In what is a first for the territory, the Champagne and Aishihik First Nations signed a deal with Habitat for Humanity Yukon to work together to build housing for low-income citizens.
“We’re using a number of initiatives to make our people more self-reliant and independent and this is one of the vehicles that we’re using to help them do that,” said Chief James Allen at the signing in Whitehorse on Thursday.
The first building will be a triplex at the First Nations’ Takhini River subdivision, west of Whitehorse on the Alaska Highway.
But the hope is to build more homes as the First Nations free up more settlement land and the organization gets more resources to keep building, said Arthur Mitchell, president of Habitat for Humanity Yukon.
This national Habitat organization signed an agreement with the national Assembly of First Nations in December 2011 to help bring affordable home ownership and adequate housing to aboriginal communities across Canada.
Unlike many other First Nations across Canada, however, the Champagne and Aishihik First Nations are self-governing. But that doesn’t mean they don’t have the capacity to establish a program that helps build homes and finance mortgages for low-income people, said Allen.
“The demand for housing by people who do not make a lot of money in our communities is great,” he said. “Our unemployment rate is very high and there are not a lot of job opportunities in the communities. It would take a lot of effort, a lot of capacity for the Champagne and Aishihik First Nations to develop a program like this and to fund it. So we’re glad to have a partner that’s established … and use the capacity that they have, the funding and the experience that they have to help our people own their own homes.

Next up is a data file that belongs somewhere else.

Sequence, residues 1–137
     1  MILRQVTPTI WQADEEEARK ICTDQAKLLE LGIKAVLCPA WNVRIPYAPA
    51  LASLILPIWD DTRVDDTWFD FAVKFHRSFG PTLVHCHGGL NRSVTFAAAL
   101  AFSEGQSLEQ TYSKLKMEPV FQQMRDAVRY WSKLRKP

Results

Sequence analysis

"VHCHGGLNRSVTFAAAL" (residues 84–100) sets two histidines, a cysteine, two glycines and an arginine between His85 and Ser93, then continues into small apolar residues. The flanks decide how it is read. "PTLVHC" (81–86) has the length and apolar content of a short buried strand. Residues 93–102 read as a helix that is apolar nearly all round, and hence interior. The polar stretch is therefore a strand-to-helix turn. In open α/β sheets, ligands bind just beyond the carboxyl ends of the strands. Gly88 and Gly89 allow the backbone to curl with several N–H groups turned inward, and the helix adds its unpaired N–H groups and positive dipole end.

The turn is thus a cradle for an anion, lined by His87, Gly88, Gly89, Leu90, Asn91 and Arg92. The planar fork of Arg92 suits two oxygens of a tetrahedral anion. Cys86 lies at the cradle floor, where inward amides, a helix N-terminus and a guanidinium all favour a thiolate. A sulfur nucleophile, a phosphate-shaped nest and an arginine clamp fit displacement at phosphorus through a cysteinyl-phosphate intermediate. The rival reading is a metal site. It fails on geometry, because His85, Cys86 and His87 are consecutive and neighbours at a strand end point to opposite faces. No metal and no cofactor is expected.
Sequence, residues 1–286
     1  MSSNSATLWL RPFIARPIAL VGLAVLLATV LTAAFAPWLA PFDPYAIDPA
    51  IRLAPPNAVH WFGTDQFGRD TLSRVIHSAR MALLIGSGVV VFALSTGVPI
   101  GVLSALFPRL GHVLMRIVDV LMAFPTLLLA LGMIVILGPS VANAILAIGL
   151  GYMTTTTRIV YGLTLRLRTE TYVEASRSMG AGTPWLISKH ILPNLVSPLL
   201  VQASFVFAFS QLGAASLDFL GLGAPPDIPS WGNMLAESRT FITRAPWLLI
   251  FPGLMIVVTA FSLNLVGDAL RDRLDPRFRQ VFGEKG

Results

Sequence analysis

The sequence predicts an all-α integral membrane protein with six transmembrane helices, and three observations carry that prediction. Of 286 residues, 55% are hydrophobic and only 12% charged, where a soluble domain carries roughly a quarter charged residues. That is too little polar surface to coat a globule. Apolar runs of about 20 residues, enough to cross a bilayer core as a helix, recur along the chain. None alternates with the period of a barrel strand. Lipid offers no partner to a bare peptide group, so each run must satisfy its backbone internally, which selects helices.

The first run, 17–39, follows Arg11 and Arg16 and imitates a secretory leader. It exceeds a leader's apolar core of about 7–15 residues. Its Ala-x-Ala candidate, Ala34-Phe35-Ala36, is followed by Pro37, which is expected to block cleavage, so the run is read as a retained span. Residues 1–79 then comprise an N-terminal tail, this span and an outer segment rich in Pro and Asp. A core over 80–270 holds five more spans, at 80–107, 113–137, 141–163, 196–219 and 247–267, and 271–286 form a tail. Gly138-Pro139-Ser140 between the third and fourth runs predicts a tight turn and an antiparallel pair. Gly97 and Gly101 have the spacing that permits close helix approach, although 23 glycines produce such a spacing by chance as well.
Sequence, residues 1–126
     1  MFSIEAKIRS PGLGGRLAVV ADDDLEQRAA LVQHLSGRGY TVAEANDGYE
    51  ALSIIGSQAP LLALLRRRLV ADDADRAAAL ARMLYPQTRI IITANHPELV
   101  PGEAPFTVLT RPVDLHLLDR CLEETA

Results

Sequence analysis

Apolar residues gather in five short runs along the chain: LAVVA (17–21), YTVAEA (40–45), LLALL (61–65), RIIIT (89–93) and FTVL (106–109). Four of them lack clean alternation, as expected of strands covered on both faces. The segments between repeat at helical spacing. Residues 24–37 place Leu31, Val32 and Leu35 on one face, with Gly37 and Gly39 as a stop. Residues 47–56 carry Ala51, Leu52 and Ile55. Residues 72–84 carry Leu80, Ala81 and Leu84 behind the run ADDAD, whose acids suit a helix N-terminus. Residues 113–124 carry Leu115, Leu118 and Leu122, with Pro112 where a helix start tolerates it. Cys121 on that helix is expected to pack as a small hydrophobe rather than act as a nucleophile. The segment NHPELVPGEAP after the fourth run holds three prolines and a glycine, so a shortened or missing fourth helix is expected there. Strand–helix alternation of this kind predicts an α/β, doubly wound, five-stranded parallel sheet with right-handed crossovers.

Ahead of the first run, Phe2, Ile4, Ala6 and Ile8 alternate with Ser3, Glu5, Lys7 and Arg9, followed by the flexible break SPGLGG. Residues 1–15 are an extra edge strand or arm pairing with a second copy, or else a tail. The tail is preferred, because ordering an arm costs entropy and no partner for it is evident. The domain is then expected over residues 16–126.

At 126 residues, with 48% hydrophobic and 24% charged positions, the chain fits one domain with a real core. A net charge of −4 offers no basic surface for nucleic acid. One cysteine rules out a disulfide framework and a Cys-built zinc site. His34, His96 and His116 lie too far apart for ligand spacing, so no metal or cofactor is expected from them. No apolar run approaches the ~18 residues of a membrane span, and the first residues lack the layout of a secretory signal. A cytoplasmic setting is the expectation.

“Hopefully this will create a market for home ownership on our settlement lands.
“Home ownership is a big part of self-reliance and people want to own their homes. They want to call something theirs. This will build pride in the community for the families that own these, but it will also build a support system: the community feeling of people working together again.”
It will take volunteers from the whole community to build these homes, said Allen.
In return, citizens of the Haines Junction-based First Nations will have the chance to start developing skills like carpentry and other trades.
“It’s certainly a first step,” Mitchell said, noting that accredited journeymen and supervisors will be on the construction site. “When the volunteers become engaged then they may decide to pursue that path but obviously there’s training opportunities and it’s just a win-win.”
Habitat for Humanity is expanding its work in the territory in addition to this Champagne and Aishihik project.
The Yukon government announced on Wednesday that for each of the five phases of Whistle Bend, land will be reserved for the non-profit.
And while ambitious, Habitat for Humanity is confident it will be able to keep up with its schedule thanks to a 2009 agreement with the Yukon Housing Corporation.
Essentially, the corporation can finance mortgages for eligible, low-income clients, while paying the entire mortgage to Habitat for Humanity up front so that it has the money to keep building.
A similar scheme, called the First Nations Housing Initiative, is another “vehicle” Allen’s citizens are accessing to help develop more home ownership on their lands.
The Champagne and Aishihik First Nations will be using Habitat for Humanity’s criteria for selecting the families moving into the triplex once it is built.
Since 2005, Habitat for Humanity has helped nine Yukon families become homeowners.
Contact Roxanne Stasyszyn at